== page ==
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The Charming Nostalgia of Charlie Brown’s Thanksgiving Dinner Menu

Remember the infamous meal from 1973's A Charlie Brown Thanksgiving?


If you grew up in the ’70s or ’80s, there’s a good chance your holiday tradition includes an annual screening of the animated classic A Charlie Brown Thanksgiving. The 1973 special originally aired on CBS, and follows the tale of Charles M. Schulz’s Peanuts comic characters: In this case, bossy tomboy Peppermint Patty invites herself over to the perpetually anxious Charlie Brown’s home for Thanksgiving dinner, even though Charlie already has plans to go to his grandmother’s house. Patty also invites their other friends, Marcie and Franklin, leaving Charlie scrambling to host a Thanksgiving with his peers that he’s had no time to prepare for (perhaps an early example of Friendsgiving, an informal holiday meal celebrated with friends that’s gained popularity in recent years).

Of course, this is a kid’s TV special, so everything works out OK in the end. Charlie’s dog Snoopy (donning a chef hat) and his bird friend Woodstock concoct an unconventional Thanksgiving dinner consisting of buttered toast, jelly beans, popcorn, pretzel sticks, and ice cream. While Peppermint Patty is initially mad about the lack of traditional food, the situation resolves itself with all the kids — including Charlie’s sister Sally and best pal Linus — heading over to Charlie’s grandmother’s for a more typical Thanksgiving meal. Nearly 50 years after the special first aired, though, it’s those strange platters of Thanksgiving junk food that remain the most memorable — and ever since childhood, I’ve thought of them every single time the holiday rolls around.

Charlie Brown Thanksgiving menu

Toast, popcorn, pretzel sticks, jelly beans and ice cream — that’s it! All served up by a very confident Snoopy. At least he felt confident before Peppermint Patty weighed in with, “What’s this?! A piece of toast? A pretzel stick? Popcorn? What blockhead cooked all this?” She went on to ask, “what kind of a Thanksgiving dinner is this? Where’s the turkey, Chuck? Don’t you know anything about Thanksgiving dinners?”

Why the Charlie Brown Thanksgiving Dinner Still Resonates

For me, the Charlie Brown Thanksgiving dinner captured the whimsy and innocence of childhood. When a couple of kids (plus a dog and a bird) are faced with putting together a Thanksgiving meal in a hurry, it makes that they wouldn’t cook a turkey or grill veggies — rather, they’d make what they know (and love). Watching the special as an adult, I can’t help but admire the meal’s simplicity. Let’s face it: Cooking for Thanksgiving can be anxiety-inducing. Whether you’re in the thick of grocery shopping or rushing around the kitchen preparing many different dishes at once (and figuring out how best to roast your turkey for maximum deliciousness), the idea of just serving toast and snacks to your family probably feels like the perfect antidote to all the fuss.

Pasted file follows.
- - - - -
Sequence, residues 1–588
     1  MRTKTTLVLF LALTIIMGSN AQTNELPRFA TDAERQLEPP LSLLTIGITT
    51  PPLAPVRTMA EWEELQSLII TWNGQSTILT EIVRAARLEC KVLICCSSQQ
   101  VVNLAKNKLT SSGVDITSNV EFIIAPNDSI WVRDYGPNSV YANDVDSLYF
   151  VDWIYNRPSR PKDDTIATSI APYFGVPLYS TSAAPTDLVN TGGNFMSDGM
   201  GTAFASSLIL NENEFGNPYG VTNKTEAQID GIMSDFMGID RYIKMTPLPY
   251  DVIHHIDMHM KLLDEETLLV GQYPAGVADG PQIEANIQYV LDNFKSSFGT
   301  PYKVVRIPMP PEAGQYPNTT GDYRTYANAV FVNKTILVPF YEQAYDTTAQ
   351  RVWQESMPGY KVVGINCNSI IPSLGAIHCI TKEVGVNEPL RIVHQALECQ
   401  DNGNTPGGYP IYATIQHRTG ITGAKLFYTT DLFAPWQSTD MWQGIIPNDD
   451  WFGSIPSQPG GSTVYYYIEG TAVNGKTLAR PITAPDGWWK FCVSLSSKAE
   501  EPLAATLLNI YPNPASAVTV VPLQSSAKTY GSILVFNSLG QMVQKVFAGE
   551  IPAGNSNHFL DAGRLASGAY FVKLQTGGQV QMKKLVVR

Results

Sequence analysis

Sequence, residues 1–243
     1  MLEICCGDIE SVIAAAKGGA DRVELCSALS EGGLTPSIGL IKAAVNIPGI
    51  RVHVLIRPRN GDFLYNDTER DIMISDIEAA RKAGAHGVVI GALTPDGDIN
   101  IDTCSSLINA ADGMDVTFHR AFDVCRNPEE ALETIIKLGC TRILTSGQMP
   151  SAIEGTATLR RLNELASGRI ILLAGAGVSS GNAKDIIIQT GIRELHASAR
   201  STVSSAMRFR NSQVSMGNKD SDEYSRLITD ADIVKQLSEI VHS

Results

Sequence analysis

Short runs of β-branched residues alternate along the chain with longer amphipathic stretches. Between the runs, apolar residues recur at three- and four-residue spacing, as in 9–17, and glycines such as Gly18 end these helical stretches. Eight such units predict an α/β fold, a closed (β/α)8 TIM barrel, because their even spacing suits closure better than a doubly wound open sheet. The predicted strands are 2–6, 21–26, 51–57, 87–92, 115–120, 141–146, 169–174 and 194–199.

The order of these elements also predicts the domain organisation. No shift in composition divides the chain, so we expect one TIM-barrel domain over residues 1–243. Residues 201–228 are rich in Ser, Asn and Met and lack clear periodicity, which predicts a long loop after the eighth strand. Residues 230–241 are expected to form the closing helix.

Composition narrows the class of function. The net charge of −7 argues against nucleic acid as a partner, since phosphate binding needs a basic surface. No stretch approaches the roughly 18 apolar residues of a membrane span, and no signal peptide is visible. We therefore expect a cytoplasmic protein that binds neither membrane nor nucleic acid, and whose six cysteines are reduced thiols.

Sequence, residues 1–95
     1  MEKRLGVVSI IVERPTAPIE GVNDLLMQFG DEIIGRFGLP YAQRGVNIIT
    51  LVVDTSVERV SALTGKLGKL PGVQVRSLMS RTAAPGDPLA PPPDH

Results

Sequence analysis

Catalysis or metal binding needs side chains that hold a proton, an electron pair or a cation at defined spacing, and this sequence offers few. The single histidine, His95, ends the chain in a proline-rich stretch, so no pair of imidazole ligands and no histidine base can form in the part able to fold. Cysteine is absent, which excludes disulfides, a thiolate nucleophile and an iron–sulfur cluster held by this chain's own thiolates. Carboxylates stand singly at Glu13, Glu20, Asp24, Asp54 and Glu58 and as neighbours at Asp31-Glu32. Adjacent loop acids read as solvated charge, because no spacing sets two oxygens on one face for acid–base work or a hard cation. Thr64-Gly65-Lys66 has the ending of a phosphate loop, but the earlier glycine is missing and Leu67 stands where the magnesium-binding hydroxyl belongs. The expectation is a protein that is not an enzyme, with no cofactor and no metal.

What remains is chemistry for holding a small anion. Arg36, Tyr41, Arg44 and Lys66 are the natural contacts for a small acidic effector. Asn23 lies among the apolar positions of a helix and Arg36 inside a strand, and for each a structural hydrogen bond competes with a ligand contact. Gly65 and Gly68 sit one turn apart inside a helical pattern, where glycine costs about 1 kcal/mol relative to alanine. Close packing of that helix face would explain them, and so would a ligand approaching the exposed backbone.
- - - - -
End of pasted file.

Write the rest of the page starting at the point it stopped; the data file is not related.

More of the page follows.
How To Incorporate Charlie Brown’s Thanksgiving at Your Table

Think it might be fun to incorporate elements of Charlie Brown’s dinner into a more grown-up Thanksgiving? I do, too! I’m not saying you should abandon turkey and stuffing and potatoes entirely, of course — but during the holiday season, we could all use a little levity. So, try setting up a small platter of Charlie Brown-inspired food for guests to pick at and compliment before dinner is officially served. Bread and butter, jelly beans, popcorn, pretzel sticks, and ice cream are all easy to procure at the grocery store (and unlike cranberry sauce, they most likely won’t be sold out on the Big Day). The adults may enjoy the nostalgia of these snacks, and the children will be excited for the opportunity to eat more kid-friendly fare.

As it turns out, I’m not the only one who wants to honor this tradition. If you’re in Las Vegas, you can go to The Golden Tiki, a bar that serves the Charlie Brown dinner every Thanksgiving (atop a ping-pong table, just like in the special). Many food blogs have simple recipes for a Charlie Brown Thanksgiving Snack, and plenty of fans have recreated it too (“I’ll never understand why Peppermint Patty got on Chuck’s case about it. This is pretty much the perfect meal,” says one blogger who’s been recreating the meal every year since 2003. You can watch his tutorial below). Washington Parent even has ideas for Peanuts-inspired games to play with the kids at Thanksgiving, including jelly bean color-matching and Charlie Brown trivia.

The site suggests putting a more elegant spin on the meal by serving French toast, avocado toast, or sweet potato toast instead of plain old buttered toast. They also recommend providing either a soft pretzel or pretzel-crusted chicken nuggets instead of pretzel sticks. And if I were to make an adult version of the Charlie Brown Thanksgiving, I’d serve ricotta toast topped with honey and cinnamon, and include some dips for the pretzel sticks (maybe hummus or a Thanksgiving-themed dip from this list).

But even if you don’t end up recreating Charlie’s infamous dinner, you can still embrace the Thanksgiving special’s lessons: Take a step back from the stress, express gratitude that you have loved ones to spend the holiday with, and remember that it’ll all work out in the end if you keep your friends by your side.

You can stream A Charlie Brown Thanksgiving for free on Apple TV+ on November 18-19 even if you’re not a subscriber.

For more Thanksgiving and Friendsgiving fun:

Friendsgiving Ideas: Pro Tips For A Happy Holiday Party + A ‘Drip Cake’ That Will Wow!

Our 5 Best-Ever Thanksgiving Appetizers for a Wow-Worthy Start to Your Holiday

6 Storage Hacks To Ensure Thanksgiving Leftovers Stay Fresh and Tasty

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